In the case before us the promise to pay was merely contractual; it was not embodied in a note or other evidence of indebtedness possessing the element of negotiability and freely transferable. It is true that the contract possessed many elements of a mortgage, Corpus Juris, vol. 66, sec. 1080, p. 128; Tiffany, Real Property, 3d ed., vol. 1, sec. 308, p. 535; Corpus Juris Secundum, vol. 59, sec. 9-11, pp. 33-41; Qualls v. Union Cont. Life Ins. Co., 7 So.2d 558, but this characteristic does not lend to the contract the necessary element of negotiability. Cf. Bernard Realty Co. v. United States, 188 F.2d 861.

We conclude, therefore, that the contractual obligation was not the "equivalent of cash," and the only "amount realized" by petitioner on the sale of the property in 1945 was the sum of cash received. Since this sum was not in excess of petitioner's basis for that property no gain was realized on the sale in 1945.

Reviewed by the Court.

Decision will be entered under Rule 50.

TURNER, J., dissenting:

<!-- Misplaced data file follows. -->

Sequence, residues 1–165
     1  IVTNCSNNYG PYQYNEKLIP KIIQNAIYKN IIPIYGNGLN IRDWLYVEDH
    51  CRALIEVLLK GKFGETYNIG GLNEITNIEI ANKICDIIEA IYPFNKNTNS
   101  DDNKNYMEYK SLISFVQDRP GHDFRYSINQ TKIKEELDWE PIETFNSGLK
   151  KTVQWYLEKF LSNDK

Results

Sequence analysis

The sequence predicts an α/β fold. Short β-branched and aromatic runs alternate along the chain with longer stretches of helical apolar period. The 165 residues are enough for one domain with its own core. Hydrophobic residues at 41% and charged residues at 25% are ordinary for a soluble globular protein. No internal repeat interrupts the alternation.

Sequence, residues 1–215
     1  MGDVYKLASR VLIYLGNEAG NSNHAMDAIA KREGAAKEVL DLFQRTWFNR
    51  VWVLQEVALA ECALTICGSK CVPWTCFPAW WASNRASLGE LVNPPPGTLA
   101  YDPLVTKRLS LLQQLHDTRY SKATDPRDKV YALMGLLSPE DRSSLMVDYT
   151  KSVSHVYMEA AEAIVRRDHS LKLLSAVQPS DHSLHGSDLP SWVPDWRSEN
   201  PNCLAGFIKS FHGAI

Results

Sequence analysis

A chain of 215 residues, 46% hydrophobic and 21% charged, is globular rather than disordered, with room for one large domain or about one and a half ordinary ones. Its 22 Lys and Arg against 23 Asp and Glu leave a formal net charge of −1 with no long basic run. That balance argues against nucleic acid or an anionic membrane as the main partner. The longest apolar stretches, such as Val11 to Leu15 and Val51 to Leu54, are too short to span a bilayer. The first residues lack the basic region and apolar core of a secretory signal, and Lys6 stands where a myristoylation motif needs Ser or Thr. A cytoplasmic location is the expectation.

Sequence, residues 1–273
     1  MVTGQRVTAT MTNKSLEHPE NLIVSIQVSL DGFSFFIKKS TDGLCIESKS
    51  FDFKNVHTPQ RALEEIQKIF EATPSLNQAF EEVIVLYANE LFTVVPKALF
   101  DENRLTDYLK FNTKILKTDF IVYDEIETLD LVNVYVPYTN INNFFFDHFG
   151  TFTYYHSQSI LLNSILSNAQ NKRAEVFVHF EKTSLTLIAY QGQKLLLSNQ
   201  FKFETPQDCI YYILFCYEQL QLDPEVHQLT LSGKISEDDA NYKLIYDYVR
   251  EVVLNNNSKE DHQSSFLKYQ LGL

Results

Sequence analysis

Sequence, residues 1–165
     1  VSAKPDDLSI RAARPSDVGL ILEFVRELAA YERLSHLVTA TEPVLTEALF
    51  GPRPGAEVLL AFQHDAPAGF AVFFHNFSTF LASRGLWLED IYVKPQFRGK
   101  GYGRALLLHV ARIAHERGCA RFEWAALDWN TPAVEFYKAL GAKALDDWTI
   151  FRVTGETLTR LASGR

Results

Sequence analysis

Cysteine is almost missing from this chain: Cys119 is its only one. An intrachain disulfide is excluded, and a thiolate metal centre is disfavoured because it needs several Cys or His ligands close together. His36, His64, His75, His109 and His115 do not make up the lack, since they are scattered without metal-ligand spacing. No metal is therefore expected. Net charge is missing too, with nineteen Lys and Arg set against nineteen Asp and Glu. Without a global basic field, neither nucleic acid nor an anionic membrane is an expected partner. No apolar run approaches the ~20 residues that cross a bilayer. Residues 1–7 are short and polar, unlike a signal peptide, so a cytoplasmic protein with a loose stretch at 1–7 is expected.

I am unable to reconcile the conclusions reached in this case with the contrary ruling which has long been settled law in cases where a vendor of real estate, in addition to the simple individual liability to pay, receives as further security a mortgage on the property sold. While there are form and technical differences in the two types of transactions, they are for practical purposes substantially similar. In each instance, the vendee is regarded as the owner of the real estate, and in each instance, the land may be sold, devised, or encumbered by him, and on his death descends to his heirs subject only to the mortgage or land contract. In the case of land contracts, see on this point Bowen v. Lansing, 219 Mich. 117, 88 N. W. 384. The purpose of both the land contract and the mortgage is to secure payment of the balance remaining of the simple or personal obligation to pay. For a land contract case, see Walker v. Casgrain, 101 Mich. 604, 60 N. W. 291. It is true that in the land contract cases there is no transfer of legal title until full payment is made, but the vendor holds legal title in trust for the purchaser pending such full payment. Hooper v. Van Husen, 105 Mich. 592, 63 N. W. 522; City of Marquette v. Michigan Iron & Land Co., 132 Mich. 130, 92 N. W. 934. For other cases which seem to establish the similarity in over-all effect between mortgages and land contracts, see Harold R. Smith, 39 B. T. A. 892; Title & Trust Co., 33 B. T. A. 25; Barnard v. Huff, 252 Mich. 258, 233 N. W. 213; Chicago Boulevard Land Co. v. Apartment Garages, 245 Mich. 448, 222 N. W. 697; and Conners v. Winans, 122 Misc. 824, 204 N.Y.S. 142. And finally, both mortgages and land contracts are regularly sold, traded and assigned. Probably the most noticeable difference between the two is geographic. In Michigan, for instance, the use of the land contract, rather than the mortgage, appears to be the method commonly followed in making real estate sales. We should where possible avoid one rule of law for one part of the country and a different rule for other sections.